Mason's tech programs helped build his Amazon career

Jason Paul Pate said a combination of classroom and online classes helped him manage his work obligations at Amazon. Mason also helped him build his professional network. Photo provided.

What Brandon Mohabir, BS information technology, '15, enjoyed most about Mason went beyond the education he received, even though, as he says, “It covered pretty much everything I wanted in terms of skills and practices.”

The added bonuses were opportunities to get hands-on experience working in Mason’s ITS Support Center and the help he received finding a job through networking and assistance in putting together a résumé.

“It was not just having the degree, but the physical experience in the field,” Mohabir says. “Those two things combined, I believe, helped me become a strong candidate, once I graduated, [with] a strong chance of landing a position at a highly regarded company.”

As he has just been promoted to cloud support associate, Mohabir said his new role with Amazon in Herndon, Virginia, is still being defined. In his previous role as a network technician, Mohabir did hardware deployment and configuration. He and his colleagues fixed things when they broke but also managed multimillion-dollar projects from conception to installation, making sure systems were operational before handing them over to the team in charge of maintaining them.

It is challenging work that Mohabir, who also minored in business, says he was comfortable undertaking because of the preparation he received at Mason. That included the dos and don'ts of interviewing, which, he said, helped secure his new job.

“The teachers were very helpful and provided me with good information to go in and take the certification exams I was aiming for and provided me with a good fundamental baseline of knowledge to make me confident enough to enter the job space I was looking for,” he says.


What she learned at Mason, she applies at Amazon

Prinkle Lopes said her classes at Mason kept her up to date on industry standards. Photo provided.

If Prinkle Lopes, MS information systems '18,  ever wanted to convince her friends back home in India to study at Mason, she says she would talk about campus diversity, the flexibility to choose course work, and opportunities to work on campus.

“I was very picky about my courses because I wanted to learn about databases and networking, and that’s exactly what I’m doing [at Amazon] right now,” Lopes says. “I think all my courses helped me get into [Amazon Web Services].”

As a cloud support associate, Lopes, who works out of Amazon’s Herndon, Virginia, office, helps clients resolve issues relating to system infrastructures and databases.

She says she sees herself eventually becoming a cloud support engineer and then a solutions architect, someone who helps companies who want to use Amazon Web Services evaluate their needs and build their systems.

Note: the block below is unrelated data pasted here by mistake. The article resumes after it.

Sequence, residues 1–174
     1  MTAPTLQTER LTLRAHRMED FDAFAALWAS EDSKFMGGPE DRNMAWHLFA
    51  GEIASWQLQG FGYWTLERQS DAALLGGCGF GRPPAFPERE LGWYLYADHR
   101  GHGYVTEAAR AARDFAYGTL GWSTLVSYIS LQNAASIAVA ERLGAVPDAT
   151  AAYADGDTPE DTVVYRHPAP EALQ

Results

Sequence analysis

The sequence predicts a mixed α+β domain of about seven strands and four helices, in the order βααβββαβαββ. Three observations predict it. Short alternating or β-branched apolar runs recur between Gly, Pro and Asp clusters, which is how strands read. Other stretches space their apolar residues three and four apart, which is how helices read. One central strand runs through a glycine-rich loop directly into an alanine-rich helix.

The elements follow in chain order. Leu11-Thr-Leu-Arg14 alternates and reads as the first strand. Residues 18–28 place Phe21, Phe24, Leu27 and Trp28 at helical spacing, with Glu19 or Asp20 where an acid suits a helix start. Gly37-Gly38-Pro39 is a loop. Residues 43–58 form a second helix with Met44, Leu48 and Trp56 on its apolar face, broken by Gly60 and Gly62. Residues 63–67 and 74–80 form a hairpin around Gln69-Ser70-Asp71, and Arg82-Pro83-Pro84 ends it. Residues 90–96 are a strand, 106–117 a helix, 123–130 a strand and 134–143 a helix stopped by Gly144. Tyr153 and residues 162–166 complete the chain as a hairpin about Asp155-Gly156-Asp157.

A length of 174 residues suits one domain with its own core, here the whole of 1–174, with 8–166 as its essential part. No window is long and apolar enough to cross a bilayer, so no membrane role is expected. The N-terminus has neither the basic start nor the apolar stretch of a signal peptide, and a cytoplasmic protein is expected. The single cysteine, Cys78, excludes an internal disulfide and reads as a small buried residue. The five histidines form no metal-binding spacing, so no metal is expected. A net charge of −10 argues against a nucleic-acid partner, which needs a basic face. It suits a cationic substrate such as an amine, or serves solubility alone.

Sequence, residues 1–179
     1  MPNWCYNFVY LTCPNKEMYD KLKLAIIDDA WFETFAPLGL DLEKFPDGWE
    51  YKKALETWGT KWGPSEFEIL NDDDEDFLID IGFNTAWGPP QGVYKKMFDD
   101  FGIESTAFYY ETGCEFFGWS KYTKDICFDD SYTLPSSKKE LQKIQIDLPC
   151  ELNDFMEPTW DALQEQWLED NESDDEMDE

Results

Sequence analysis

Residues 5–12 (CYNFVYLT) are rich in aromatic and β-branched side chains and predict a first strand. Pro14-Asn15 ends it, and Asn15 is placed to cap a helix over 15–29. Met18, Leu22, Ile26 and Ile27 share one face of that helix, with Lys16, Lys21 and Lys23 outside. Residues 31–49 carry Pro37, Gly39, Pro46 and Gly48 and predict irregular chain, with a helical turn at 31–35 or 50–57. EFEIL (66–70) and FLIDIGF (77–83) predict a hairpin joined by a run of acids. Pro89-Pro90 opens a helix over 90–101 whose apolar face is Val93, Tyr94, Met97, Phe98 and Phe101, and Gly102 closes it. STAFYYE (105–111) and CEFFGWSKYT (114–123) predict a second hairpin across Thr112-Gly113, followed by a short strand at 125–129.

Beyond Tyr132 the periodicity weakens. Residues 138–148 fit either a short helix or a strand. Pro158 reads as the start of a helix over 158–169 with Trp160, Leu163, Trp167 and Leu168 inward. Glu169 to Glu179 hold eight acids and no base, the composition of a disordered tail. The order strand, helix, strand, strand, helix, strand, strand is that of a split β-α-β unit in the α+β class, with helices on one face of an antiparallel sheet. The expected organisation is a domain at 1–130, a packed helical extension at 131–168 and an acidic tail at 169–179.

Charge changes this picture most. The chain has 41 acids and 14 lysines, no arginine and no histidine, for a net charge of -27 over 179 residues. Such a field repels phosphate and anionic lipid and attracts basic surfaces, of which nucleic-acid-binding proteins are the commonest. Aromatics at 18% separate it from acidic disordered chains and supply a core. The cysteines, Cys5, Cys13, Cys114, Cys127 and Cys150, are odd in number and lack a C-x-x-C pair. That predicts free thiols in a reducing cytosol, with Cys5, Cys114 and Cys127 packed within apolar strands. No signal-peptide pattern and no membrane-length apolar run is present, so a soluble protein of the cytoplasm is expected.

“I got more than what I was expecting,” Lopes says of Mason. “My professors took a practical approach. They told us about what was currently happening in the industry, what we need to look out for, what kind of courses we should take. They helped us even though we weren’t asking for it. That’s something I really loved.”


No tech degree, no problem. He still works at Amazon

Cameron Isaac said the skills he learned as a conflict analysis and resolution major at Mason transferred perfectly to his job at Amazon. Photo provided.

The thing about working at Amazon, Cameron Isaac says, is you don’t necessarily need a tech degree or tech background to land a position with the tech giant. There are plenty of job opportunities in design, product and program management, public policy, communications, and instructional system design that do not require experience in that space.

“It’s really more about someone who will always work to better our customers’ lives, is scrappy, and who can bring ideas to life,” Isaac says.

Take Isaac, who uses his Mason bachelor's degree in conflict analysis and resolution to help him succeed in a position in which he recruits, interviews, and evaluates those who wish to join Amazon’s senior design leadership. Isaac, who graduated in 2011, says the analysis and negotiating techniques he learned at Mason, as well as the art of how to break down and understand complicated and hot-button issues, are the foundations for his work.

For example, while his favorite part of the job is hunting for prospects and exploring through interviews whether they will be the right fit for the company, he also enjoys picking the brains of the senior leaders who are looking to hire and learning through their experiences.

“It’s understanding how to go more in-depth with people right off the bat,” Isaac says. “Once you can go in-depth and understand a leader’s vision, their roadmap to goals and product launch, and understanding what their skill gaps are, you are going to be able to bring in people who are going to be a better fit than just a body.”